[5] Law Society of British Columbia v Trinity Western University, 2018 SCC 32 [LSBC v. TWU (SCC)]; Trinity Western University v Law Society of Upper Canada, 2018 SCC 33 [TWU v. LSUC (SCC)]; e.g. Robin Elliot & Michael Elliot, “‘Striking the Right Balance: Rethinking the Contest between Freedom of Religion and Equality Rights in Trinity Western University v. The Law Society of British Columbia’” (2017) 50 University of British Columbia Law Review 797–883 at paras 31–2.

[6] Mark A Witten, “Tracking Secularism: Freedom of Religion, Education, and the Trinity Western University Law School Dispute” (2016) 79 Saskatchewan Law Review 215–263 at paras 4–5, 123–4.

[7] R v Big M Drug Mart Ltd, [1985] 1 SCR 295 at 336 [Big M].

[8] Mike Madden, “Second Among Equals: Understanding the Short Shrift That Freedom of Religion in Receiving In Canadian Jurisprudence” (2010) 7 JL & Equal 57 at paras 5, 15, 67.

[9] LSBC v. TWU (SCC), supra note 18 at para 251, citations omitted; cf. Chamberlain v Surrey School District No 36, [2002] 4 SCR 710 at para 212, where Justice LeBel says: “Disagreement with the practices and beliefs of others, while certainly permissible and perhaps invevitable in a pluralist society, does not justify denying others opportunity for their views to be represented, or refusing to acknowledge their existence”. If only this statement were better remembered in the Canadian approach to conscience.

[10] For the implications of this kind of breakdown, see Hannah Arendt, On Violence (London: Allen Lane, 1970) at 55. Foucault’s homo eoconomicus is another example of this disturbing trend.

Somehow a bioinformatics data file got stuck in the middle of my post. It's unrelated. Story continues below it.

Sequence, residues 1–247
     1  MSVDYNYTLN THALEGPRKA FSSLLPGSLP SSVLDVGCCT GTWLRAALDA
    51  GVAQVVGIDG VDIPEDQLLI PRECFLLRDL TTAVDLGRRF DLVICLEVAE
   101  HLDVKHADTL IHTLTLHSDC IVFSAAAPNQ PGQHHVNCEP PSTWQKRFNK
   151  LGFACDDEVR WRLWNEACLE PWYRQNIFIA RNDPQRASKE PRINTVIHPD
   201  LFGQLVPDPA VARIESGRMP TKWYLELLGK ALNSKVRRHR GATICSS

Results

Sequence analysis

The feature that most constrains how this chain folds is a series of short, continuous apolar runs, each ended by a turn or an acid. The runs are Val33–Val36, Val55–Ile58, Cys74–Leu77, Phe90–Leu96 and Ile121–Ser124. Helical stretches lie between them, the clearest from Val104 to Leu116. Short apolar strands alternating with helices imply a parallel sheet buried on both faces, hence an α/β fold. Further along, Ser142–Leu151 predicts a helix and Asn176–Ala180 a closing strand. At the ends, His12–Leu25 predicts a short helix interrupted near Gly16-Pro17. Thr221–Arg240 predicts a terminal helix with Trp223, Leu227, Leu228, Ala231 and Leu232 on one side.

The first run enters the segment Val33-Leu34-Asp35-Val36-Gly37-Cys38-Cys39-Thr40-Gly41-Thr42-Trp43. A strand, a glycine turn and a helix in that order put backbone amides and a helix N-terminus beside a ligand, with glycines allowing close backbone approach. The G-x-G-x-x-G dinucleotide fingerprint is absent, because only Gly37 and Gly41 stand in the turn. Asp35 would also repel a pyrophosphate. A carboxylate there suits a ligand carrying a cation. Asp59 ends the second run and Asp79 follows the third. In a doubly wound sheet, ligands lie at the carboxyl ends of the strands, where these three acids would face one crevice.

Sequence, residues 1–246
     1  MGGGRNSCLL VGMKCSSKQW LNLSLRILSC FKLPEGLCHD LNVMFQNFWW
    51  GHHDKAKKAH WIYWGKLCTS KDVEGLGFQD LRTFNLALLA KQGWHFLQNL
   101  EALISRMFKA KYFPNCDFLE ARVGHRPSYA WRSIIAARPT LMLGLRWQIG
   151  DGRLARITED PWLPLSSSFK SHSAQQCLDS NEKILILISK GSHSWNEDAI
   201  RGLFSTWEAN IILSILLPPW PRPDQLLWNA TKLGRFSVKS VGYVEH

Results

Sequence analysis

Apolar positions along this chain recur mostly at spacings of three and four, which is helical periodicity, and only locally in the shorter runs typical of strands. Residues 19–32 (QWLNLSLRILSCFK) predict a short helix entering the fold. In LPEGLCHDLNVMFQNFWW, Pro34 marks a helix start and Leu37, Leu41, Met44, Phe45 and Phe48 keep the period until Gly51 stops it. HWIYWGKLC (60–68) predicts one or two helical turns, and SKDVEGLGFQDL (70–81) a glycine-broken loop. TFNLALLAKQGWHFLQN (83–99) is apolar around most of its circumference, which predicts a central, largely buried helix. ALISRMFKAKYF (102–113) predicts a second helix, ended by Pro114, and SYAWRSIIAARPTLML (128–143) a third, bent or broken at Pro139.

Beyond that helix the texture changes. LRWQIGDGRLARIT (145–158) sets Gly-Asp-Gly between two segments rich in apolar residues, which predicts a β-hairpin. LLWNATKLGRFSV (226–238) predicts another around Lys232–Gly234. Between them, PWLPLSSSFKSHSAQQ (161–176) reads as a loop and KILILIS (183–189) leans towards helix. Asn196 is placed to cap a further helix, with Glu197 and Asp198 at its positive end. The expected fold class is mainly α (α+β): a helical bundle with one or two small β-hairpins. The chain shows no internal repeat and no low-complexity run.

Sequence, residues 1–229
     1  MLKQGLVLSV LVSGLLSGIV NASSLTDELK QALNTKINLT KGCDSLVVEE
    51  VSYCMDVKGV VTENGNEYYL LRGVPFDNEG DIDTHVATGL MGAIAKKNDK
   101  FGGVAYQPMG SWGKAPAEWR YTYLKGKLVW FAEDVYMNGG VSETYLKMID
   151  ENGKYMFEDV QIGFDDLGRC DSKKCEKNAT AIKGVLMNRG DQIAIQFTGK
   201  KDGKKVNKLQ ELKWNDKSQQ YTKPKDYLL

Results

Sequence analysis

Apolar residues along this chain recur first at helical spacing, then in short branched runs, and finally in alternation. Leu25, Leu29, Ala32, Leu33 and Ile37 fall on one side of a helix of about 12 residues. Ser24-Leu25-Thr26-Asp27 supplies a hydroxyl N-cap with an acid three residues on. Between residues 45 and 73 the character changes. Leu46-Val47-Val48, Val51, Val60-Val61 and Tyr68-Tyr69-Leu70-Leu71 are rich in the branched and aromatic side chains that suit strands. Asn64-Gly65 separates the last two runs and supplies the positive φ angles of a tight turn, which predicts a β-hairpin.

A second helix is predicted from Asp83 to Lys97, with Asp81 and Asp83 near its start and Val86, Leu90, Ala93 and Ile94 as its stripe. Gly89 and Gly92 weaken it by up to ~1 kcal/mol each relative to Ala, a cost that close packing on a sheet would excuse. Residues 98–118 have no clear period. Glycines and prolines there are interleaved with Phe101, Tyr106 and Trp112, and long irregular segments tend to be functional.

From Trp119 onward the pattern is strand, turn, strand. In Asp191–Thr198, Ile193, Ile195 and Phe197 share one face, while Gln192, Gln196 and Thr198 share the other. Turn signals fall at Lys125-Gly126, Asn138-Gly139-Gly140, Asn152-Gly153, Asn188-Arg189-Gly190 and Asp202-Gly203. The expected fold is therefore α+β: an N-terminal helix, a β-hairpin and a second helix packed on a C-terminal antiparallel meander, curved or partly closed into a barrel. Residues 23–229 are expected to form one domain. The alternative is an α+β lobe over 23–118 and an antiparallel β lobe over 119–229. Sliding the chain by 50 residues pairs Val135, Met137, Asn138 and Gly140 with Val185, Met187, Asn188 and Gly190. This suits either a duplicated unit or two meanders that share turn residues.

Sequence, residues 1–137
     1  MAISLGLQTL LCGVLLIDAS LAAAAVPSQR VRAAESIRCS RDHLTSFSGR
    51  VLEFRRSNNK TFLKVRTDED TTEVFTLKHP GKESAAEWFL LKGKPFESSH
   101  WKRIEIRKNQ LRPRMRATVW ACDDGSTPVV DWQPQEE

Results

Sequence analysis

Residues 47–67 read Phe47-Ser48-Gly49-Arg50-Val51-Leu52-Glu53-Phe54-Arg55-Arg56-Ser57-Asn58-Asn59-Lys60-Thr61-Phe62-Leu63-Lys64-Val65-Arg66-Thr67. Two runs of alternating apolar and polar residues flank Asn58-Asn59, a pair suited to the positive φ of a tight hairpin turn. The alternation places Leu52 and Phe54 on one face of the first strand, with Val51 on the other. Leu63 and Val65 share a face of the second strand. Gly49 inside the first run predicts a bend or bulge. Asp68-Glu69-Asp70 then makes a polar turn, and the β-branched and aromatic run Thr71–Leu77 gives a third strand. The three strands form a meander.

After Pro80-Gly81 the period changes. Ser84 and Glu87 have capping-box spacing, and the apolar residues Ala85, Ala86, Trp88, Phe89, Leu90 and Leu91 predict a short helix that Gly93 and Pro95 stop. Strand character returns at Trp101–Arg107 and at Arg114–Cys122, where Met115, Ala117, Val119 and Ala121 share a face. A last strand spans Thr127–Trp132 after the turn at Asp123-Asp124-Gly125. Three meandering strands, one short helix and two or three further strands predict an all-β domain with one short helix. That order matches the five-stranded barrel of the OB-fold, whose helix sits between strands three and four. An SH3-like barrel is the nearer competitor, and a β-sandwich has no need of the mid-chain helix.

[11] R v Edwards Books and Art Ltd, [1986] 2 SCR 713 at paras 59, 84–93, 130–9, 142, 148, 178, 188, 195–7, 201 [Edwards Books], reviewing U.S. cases; Syndicat Northcrest v Amselem, [2004] 2 SCR 551 at paras 45, 135, again citing U.S. cases; Alberta v Hutterian Brethren of Wilson Colony, [2009] 2 SCR 567 at paras 90, 128–9 [Wilson], citing European Court of Human Rights cases; Ktunaxa Nation v British Columbia (Forests, Lands and Natural Resource Operations), [2017] 2 SCR 386 at paras 64–6, recognizing international treaties as part of Canadian Charter development, and, presumably, the Canadian approach to conscience.

[12] Big M, supra note 20 at 337.

[13] Michael J Perry, “Freedom of Conscience as Religious and Moral Freedom” (2014) 29:1 J L & Religion 124–141 at 135, 137.

[14] R v Morgentaler, [1988] 1 SCR 30 at 37.

[15] Charter, supra note 3, s 15.

[16] Hon Lynn Smith & William Black, “The Equality Rights” (2013) 62:(2d) Supreme Court Law Review 301–378 at paras 73–6, 224–6.

[17] Law v Canada (Minister of Employment and Immigration), [1999] 1 SCR 497 at para 53.

[18] William A Galston, “Expressive Liberty and Constitutional Democracy: The Case of Freedom of Conscience” (2003) 48 Am J Juris 149–178 at 150.

[19] Ibid; vide. Thomas Nagel, Equality and partiality (Oxford: Oxford University Press, 1995) at 154–5.

[20] Maurice v Canada (Attorney General), 2002 FCT 69.

[21] Noah Feldman, “From Liberty to Equality: The Transformation of the Establishment Clause” (2002) 90:3 Calif L Rev 673–732.

[22] David Schneiderman, “Judging in Secular Times: Max Weber and the Rise of Proportionality” (2013) 63:1 Supreme Court Law Review 557–577.